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Cooking With Colombian Beans

There are endless variations on frijoles, and each family has its own distinctive recipe

Visitors and artists interact under the guadua (bamboo) tents in the Colombia program area. Photo by Francisco Guerra/Smithsonian Institution

A woman named Yolanda, who lives in Retiro, Colombia, a small town outside of Medellín, runs a roadside restaurant called “Mi Jardín,” or “My Garden,” that caters to local workers, tourists and anybody else who happens to be passing by. She learned what she knows from her mother and has been cooking for more than 30 years.

Yesterday, Yolanda was standing on the National Mall in Washington, D.C., teaching Americans how to make frijoles.

Colombia is one of three featured themes at this year’s Smithsonian Folklife Festival (the others are the Peace Corps and rhythm and blues music), and volunteers are offering cooking demonstrations every day from 11:00 a.m. to 5:30 p.m. (See our Around the Mall blog for full coverage of the festival and daily schedules.) I headed out in the blazing hot July sun yesterday to learn a little bit about traditional Colombian cuisine.

Frijoles, or red beans, are one of the most common foods in Colombia, and especially Antioquia, the department (the Colombian equivalent of a U.S. state) where Yolanda lives, in the coffee-growing region in the northwest of the country. People from this area eat frijoles nearly every day, she said, either blended into a soup, as a side dish, or as part of a larger main dish.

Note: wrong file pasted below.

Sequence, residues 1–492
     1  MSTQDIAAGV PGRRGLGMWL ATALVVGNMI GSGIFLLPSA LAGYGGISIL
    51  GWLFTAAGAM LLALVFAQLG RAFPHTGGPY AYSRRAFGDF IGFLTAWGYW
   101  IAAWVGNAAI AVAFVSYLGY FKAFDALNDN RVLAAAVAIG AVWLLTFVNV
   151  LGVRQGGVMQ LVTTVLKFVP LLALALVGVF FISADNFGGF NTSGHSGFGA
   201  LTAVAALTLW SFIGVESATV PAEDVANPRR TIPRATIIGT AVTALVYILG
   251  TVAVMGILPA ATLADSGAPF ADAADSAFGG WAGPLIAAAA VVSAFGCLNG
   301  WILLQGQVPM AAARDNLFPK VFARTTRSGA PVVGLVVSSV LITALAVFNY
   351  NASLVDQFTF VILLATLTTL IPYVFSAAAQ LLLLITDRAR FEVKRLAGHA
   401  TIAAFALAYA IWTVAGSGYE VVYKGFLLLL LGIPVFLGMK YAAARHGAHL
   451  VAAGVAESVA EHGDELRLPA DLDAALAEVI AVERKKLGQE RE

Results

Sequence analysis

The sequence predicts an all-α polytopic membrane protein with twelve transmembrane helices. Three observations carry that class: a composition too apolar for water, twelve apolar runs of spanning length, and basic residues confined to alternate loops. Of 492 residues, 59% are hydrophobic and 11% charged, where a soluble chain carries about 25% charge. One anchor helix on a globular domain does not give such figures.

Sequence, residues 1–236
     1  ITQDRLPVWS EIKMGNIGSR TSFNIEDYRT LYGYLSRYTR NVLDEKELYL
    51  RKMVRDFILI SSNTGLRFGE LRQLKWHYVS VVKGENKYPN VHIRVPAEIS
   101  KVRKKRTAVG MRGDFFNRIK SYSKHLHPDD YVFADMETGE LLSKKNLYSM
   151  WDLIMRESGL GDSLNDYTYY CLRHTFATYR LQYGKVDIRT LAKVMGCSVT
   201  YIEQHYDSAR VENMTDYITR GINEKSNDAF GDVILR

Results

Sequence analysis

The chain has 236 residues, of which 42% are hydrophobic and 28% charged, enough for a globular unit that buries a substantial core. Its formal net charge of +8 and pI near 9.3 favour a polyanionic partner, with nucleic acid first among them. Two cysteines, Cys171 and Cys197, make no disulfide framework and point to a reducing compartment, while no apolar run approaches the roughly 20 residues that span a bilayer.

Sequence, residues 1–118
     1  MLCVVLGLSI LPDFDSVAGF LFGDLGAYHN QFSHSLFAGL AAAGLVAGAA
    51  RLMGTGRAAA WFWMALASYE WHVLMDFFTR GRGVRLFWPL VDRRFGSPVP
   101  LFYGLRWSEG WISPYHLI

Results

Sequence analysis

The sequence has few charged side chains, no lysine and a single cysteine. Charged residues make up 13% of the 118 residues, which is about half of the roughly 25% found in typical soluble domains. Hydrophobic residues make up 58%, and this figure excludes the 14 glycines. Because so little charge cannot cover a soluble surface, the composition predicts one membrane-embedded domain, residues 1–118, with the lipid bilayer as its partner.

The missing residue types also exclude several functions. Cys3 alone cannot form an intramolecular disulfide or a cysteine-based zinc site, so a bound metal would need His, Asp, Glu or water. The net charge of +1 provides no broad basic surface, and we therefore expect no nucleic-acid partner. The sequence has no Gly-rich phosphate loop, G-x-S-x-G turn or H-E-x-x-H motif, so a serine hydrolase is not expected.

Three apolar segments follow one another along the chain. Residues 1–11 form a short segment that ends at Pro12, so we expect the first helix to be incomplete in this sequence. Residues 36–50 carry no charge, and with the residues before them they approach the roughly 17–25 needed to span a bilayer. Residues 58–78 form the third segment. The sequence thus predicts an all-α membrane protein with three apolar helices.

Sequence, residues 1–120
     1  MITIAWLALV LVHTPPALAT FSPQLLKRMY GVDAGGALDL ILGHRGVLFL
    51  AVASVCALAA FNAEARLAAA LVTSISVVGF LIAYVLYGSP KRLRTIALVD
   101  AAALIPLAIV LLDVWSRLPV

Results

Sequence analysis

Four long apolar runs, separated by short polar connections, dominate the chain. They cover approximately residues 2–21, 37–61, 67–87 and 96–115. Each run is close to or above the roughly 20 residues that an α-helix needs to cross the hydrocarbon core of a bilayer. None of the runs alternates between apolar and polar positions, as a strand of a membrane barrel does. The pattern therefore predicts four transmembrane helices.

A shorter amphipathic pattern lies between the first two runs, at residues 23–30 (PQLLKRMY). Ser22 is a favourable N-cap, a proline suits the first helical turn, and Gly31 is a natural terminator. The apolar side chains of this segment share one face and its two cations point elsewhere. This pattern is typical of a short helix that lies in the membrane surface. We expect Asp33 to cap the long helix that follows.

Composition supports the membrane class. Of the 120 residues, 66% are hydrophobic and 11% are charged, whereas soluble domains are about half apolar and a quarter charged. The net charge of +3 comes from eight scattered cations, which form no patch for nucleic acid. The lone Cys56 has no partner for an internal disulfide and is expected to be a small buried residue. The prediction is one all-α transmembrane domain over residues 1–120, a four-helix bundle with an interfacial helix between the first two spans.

Antioquia used to be populated mainly by laborers who spent their days in the fields. They needed something cheap, filling and full of energy and protein to keep them going throughout the day. Hence, frijoles.

Today, there are endless variations on the dish, and each family has its own distinctive frijoles recipe. Yolanda’s mother made them with carrots and potatoes, so that’s what she does, too. Other ingredients include yucca and plantains, and most variations contain an adobo-like mixture composed of tomato, onion, garlic, pepper and oil. On a holiday, Yolanda said, she goes through about nine pounds of beans at her restaurant.

Speaking in Spanish, Yolanda also told me a little about other traditional dishes, including bandeja paisa, a large plate filled with a variety of foods, often including frijoles. At her restaurant, Yolanda adds rice, avocado, egg, sausage, salad, plantain and fried pork skin to the plate. Empanadas and arepas, a kind of cornmeal cake, are also popular.

Another traditional option is sancocho, a soup made with varying ingredients, but that Yolanda makes with broth, chicken, yucca and potatoes. It’s typical for Colombian families to make sancocho during a “paseo de olla”—literally, a walk with a pot. A paseo de olla is kind of a like an extended picnic, where a group of family and friends takes everything they need to make sancocho, from a hen to the pot itself, to a river. There, they spend the day swimming, cooking and enjoying one another’s company.

“You go with all your family and all your friends, you’re drinking all day, and at the end of the day you have the sancocho,” Yolanda said. “It’s beautiful.”

I’ll say so.

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